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Sniffing out the Facts

Posted in Dog Senses

By Amy Wence

Smell is a dog’s sharpest sense. When dogs sniff us, they can tell where we’ve been, what we’ve been doing, what we ate, and even if we are not feeling well.

A dog’s nose is up to 10,000 times more sensitive than a human’s!

Dogs have approximately 200 million scent receptors compared to our 5 million.

The bigger the honker, the better! Larger noses have more scent receptors. For example, the dachshund has about 125 million scent receptorcells, while a beagle and German shepherd dog have about 225 million. The bloodhound takes the cake with around 300 million scent receptors!!!

Each dog has an individual “noseprint,” just as humans have unique fingerprints.

Dogs interrupt their normal breathing processwhen they pursue a scent. This is why if you offera panting dog a treat, he will stop panting so thathe can turn on his smelling ability to interpret thescent being offered.

Dogs prefer to mark vertical surfaces with urine because theair can carry the scent farther if it is above ground. Also, the higher the mark, the larger the dog. Since size is an important factor for determining dominance, male dogs developed the habit of lifting their leg to aim their urine higher.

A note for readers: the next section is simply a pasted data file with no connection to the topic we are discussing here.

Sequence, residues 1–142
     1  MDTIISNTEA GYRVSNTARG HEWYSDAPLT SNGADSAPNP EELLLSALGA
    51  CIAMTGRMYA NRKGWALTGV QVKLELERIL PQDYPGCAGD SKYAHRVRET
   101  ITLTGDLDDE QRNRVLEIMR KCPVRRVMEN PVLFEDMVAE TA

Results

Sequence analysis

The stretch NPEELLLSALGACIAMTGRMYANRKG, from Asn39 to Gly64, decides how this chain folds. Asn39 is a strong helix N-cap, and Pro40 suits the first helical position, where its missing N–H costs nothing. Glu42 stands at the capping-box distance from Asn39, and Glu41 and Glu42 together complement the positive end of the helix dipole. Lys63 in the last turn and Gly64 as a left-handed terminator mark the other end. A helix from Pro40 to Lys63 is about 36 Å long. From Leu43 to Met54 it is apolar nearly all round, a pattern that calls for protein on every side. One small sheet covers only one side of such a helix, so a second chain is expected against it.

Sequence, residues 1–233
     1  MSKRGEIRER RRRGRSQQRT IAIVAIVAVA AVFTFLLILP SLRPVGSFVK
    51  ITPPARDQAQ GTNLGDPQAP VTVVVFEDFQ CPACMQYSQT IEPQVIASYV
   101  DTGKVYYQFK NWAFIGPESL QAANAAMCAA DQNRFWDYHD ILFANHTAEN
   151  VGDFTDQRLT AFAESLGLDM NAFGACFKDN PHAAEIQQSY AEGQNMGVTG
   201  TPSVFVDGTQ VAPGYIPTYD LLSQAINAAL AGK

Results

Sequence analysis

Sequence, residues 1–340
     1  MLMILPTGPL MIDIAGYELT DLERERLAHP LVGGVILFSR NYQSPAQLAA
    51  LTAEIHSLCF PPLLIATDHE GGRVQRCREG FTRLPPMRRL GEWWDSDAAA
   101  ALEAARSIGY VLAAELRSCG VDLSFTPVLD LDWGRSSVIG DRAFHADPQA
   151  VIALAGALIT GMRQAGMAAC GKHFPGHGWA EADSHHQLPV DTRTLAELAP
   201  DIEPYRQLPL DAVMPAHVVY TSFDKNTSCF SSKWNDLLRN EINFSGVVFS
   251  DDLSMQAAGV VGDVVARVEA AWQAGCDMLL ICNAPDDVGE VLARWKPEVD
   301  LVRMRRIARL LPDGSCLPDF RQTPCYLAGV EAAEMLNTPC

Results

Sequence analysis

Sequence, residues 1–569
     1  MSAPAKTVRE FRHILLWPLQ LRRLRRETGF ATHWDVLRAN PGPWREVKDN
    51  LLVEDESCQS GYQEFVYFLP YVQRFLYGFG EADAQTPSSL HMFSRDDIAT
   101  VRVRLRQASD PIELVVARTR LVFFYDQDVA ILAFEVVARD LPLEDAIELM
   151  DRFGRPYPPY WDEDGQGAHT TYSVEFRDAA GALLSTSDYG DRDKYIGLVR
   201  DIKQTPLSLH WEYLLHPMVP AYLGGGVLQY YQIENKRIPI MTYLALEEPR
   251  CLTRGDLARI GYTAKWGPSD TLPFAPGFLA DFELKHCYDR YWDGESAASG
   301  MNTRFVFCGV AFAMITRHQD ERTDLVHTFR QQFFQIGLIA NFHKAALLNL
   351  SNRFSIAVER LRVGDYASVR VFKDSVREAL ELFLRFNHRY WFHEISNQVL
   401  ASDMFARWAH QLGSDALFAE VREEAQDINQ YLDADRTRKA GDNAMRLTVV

Urine marking is also a way for dogs to convey information. Dog urine contains various pheromones, which provide a great deal of information about that dog. Dogs can identify the age, gender, health, and mood of another dog just by sniffing his urine. So when you are walking your dog and he stops to sniff a tree or fire hydrant, he is getting all kinds of stimulating information. It’s a dog’s source of daily news!

Research has shown that when dogs are overheated, their ability to track and recognize items by scent is reduced by over 40%.

Dogs are able to smell multiple layers of odor and separate the smells from one another to identify each individual scent. For instance, while we may smell a pot of chili on the stove, the dog smells meat, beans, tomato, onion, and each of the spices.

 

Dogs do not like citrus smells like lime, lemon, and orange. Does especially dislike citronella.

Dogs are able to identify humans by their individual scent.

Dogs’ noses are so sensitive that they have even been shown to detect the presence of cancer in humans.

A dog’s nose is wet because the moisture helps to attract and hold scent molecules so they can travel through the nostrils.

Dogs can sense odors at concentrations nearly 100 million times lower than humans can. They can detect one drop of blood in five quarts of water!

Sources:
http://findarticles.com/p/articles/mi_qa4128/is_200404/ai_n9390754/
“How Dogs Think” by Stanley Coren



Posted: 5/1/2009 | Updated: 4/14/2011

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